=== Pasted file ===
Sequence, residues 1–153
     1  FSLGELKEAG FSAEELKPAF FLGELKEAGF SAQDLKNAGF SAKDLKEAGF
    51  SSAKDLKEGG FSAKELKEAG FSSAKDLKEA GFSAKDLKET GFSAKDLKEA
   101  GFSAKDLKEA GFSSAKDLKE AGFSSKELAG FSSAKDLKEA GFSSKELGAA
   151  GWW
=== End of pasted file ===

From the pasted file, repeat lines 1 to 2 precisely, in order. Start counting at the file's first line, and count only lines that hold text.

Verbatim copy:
Sequence, residues 1–153
     1  FSLGELKEAG FSAEELKPAF FLGELKEAGF SAQDLKNAGF SAKDLKEAGF